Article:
Cleveland Indians

The Indians Are Struggling to Make Contact

With limited information it is a very human inclination to grasp at faulty conclusions; with four games of a baseball it is very human to overreact to an offense as cold as the midwestern weather.

One of the most striking developments of the Indians early struggles has been their inability to put the ball in play to the tune of a 32.6% strikeout rate, second worst in baseball. This is especially surprising considering the Indians were the best in baseball at putting the ball in play in 2018, striking out just 18.9% of the time.

The question raised after four games is whether the Indians contact woes are the sign of things to come or simply an aberration.

First, let’s look at the contact rates of those who exited.

  • Michael Brantley 9.5%
  • Gomes 27.4%
  • Encarnacion 22.6%
  • Cabrera 13%
  • Gonzalez 23.8%
  • Davis 22.2%
  • Diaz 15.2%
  • Alonso 21.4%
  • Chisenhall 12.6%

Brantley, Chisenhall, Diaz and Cabrera were elite contact type but the rest of the outgoing hitters were below average; here is how they were displaced in terms of career K%:

  • Ramirez 17.2%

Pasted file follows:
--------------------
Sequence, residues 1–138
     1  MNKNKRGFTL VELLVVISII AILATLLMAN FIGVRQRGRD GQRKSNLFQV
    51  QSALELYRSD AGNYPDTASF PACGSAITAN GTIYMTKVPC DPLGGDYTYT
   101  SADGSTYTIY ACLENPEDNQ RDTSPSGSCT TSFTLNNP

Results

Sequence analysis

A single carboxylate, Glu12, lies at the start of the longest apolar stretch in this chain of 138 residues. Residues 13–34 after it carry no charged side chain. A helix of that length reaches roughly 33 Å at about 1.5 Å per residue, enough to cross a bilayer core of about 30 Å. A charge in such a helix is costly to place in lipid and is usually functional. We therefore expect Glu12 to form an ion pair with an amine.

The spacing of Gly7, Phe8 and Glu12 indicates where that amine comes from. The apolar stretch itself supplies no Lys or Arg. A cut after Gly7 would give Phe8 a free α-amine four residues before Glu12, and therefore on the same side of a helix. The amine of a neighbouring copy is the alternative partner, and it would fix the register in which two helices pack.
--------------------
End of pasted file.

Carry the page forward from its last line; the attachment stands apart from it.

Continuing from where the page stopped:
• Perez 28.6%
  • Bauers 26.2%
  • Plawecki 21.9%
  • Moroff 34%

Obviously, the Indians should expect an increase in strikeouts over their elite 2018 contact output but not such an overwhelming rate change. Let’s look at the early wind energy contributors:

Carlos Santana6.7%
Hanley Ramirez33.3%
Leonys Martin31.3%
Jose Ramirez18.8%
Jake Bauers7.7%
Greg Allen14.3%
Kevin Plawecki50%
Jordan Luplow75%
Brad Miller45.5%
Max Moroff66.7%
Tyler Naquin60%
Eric Stamets50%
Roberto Perez36.4%

First, a few pieces stick out as particularly unsustainable, the strikeout rates of Plawecki, Luplow, Miller, Moroff, Naquin and Stamets are all an aberration. This is particularly informative as a display of how noisy strikeout rates can get in small samples; really anything for that matter.

Further, Hanley Ramirez with his career 17.2% rate should see improvement; Leonys Martin should also see positive regression at 21% for his career. Finally Roberto Perez should also see a reduction in contact issues; though not dramatic.

Indeed, the only player significantly outperforming their contact skills is Jake Bauers; and to a lesser extent Carlos Santana.

The Indians will make less contact in 2019 than they did in 2018 but the first four games of the season have been an outlier. The Indians will make significant contact frequency gains as the season progresses and their offensive output will improve coterminously.

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